Actually no. I realised that it did seem like a long time ago. The biggest difference was how I felt. Walking down that street again evoked in me a Proustian rush, I recalled just how free and excited I felt back then. I'd made a big change to my life and uprooted myself. The possibilities appeared endless, above me an infinite blue sky that reflected my state of mind.

I instantly became depressed. Things were so much more negative and gloomy now, the world a far more depressing place. What was it that had changed so much so as to skew my outlook to such a large degree?

Aside from the passage of time I could think of very little. OK, so I was now older but all that really meant was a few more pounds, a few more wrinkles and a few less hairs on my head. Surely that wasn't enough to have knocked my mood so badly off course over the period of a decade and a half? Other than that I was still in employment, single (which can be seen as both a positive and negative thing) and if anything better off and more financially stable than I had been in 1998. Furthermore in the intervening years I'd actually achieved a few things which the younger me would probably have been quite pleased with.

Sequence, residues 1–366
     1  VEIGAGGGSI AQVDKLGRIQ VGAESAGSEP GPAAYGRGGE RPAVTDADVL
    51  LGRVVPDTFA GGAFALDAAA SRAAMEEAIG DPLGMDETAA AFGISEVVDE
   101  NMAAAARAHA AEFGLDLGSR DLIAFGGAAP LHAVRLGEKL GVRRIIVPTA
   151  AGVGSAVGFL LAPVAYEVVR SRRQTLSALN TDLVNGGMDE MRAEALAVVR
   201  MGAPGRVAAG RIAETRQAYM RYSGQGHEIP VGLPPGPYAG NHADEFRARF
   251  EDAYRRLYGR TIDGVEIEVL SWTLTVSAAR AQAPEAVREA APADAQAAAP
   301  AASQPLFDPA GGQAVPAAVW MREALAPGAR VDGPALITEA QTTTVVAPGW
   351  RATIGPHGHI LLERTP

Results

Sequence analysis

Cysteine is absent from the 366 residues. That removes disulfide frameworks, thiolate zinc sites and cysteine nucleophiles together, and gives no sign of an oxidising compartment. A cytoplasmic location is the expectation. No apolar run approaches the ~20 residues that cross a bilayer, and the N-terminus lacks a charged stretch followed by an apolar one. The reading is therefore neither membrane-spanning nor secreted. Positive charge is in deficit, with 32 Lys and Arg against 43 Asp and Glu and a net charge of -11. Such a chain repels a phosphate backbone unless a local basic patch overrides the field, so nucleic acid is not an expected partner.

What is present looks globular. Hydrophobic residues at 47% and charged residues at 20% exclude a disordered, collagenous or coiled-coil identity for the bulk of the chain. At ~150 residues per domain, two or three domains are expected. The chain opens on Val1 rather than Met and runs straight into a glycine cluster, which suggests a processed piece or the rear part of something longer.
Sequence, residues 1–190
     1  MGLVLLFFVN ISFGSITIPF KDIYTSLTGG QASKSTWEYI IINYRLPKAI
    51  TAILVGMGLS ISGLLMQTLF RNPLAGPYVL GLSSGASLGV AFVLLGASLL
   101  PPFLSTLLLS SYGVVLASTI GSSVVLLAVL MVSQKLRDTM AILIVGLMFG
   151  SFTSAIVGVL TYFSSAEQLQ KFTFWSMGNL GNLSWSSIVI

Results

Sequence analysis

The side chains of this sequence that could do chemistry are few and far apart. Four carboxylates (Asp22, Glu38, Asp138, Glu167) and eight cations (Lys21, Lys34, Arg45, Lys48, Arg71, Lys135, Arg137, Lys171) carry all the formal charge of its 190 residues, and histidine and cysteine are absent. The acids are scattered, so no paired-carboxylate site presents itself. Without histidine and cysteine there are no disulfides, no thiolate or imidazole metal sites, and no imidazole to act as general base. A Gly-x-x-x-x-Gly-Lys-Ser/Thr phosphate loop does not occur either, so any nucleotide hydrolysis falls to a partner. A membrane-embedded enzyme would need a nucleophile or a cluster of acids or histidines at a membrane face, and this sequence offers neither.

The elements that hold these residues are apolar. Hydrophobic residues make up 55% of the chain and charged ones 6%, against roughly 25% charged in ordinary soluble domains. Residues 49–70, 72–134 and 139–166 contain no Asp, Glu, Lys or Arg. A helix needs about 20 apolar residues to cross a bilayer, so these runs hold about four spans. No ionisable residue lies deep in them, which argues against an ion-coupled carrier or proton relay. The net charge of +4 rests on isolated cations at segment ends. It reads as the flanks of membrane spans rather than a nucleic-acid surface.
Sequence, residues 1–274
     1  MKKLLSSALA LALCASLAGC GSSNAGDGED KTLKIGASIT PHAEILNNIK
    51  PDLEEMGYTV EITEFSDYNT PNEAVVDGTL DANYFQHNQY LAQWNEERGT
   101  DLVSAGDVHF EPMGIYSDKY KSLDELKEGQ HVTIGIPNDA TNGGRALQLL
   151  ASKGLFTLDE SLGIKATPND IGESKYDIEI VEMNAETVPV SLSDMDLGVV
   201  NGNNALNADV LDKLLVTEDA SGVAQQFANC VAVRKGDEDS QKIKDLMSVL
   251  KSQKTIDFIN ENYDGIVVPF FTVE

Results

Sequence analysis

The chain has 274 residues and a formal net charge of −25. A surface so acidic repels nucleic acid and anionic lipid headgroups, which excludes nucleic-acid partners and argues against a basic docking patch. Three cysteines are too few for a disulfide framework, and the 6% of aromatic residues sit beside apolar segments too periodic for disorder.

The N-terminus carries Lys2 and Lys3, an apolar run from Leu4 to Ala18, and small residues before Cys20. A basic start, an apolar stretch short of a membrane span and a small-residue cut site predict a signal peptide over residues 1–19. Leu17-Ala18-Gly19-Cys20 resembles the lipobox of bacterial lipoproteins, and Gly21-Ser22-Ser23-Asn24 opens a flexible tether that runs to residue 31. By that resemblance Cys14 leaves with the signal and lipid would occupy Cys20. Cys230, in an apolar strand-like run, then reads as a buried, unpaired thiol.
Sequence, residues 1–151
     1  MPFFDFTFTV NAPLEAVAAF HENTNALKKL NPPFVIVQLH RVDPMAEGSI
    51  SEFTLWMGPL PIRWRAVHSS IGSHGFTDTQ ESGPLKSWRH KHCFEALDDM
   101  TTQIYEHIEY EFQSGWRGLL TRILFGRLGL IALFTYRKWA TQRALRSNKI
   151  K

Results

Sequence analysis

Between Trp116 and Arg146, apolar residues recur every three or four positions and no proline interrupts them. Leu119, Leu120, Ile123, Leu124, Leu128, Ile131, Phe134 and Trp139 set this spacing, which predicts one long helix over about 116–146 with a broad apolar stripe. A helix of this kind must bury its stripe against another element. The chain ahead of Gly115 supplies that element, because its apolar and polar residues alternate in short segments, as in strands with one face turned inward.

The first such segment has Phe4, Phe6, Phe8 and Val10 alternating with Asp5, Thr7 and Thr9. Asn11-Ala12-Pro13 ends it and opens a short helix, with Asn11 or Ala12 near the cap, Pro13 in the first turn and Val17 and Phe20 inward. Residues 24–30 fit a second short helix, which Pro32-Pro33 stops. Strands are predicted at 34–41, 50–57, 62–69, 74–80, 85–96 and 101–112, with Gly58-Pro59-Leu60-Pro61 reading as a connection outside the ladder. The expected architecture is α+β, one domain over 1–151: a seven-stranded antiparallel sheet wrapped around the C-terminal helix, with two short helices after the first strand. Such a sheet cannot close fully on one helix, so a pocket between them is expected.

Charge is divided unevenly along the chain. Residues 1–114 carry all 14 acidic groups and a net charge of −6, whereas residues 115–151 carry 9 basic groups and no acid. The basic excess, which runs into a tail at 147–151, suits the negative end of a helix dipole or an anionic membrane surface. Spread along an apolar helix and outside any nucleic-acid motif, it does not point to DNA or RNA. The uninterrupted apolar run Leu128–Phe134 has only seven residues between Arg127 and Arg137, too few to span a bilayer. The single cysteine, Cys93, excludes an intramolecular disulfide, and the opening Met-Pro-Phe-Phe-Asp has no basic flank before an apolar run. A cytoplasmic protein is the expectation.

Why did I feel so trapped? There was no logical reason for me not to feel just as optimistic as I had back then and yet in comparison to times past I felt as if I was looking at the bright warm world through thick iron bars, locked up in a prison in my head, barely able to turn around in my cell. No hope, no future, no change in sight. The memory of how I used to feel was just another torture, taunting me with a glimpse of how I could never feel again.

It was obvious that I was my own jailer. I'd locked myself in there, the bars were of my own making. The opportunities and hope I felt all around me back in 1998 were all still there, and there was no reason I could not still grab hold of them with both hands in the way I perhaps should have back then. I just had to break out of the prison.

I am still not convinced that I have, but the sense that the bars were illusory is stronger now than it has been for a very long time. The only thing holding me back is myself which raises the question of why I have been doing it.

It could be fear of failure or fear of the unknown or perhaps a lack of imagination? Or maybe my surroundings having grown so familiar that I simply forgot how much potential lay within them.

There is nothing I cannot try. Who says I have to go home and go to bed after work every single day? There are a million things I could be doing and I have no excuse not to do as many of them as I can.

I am cutting through the bars with an oxyacetylene torch.

Once I have done so the trick will be to keep reminding myself that they don't exist.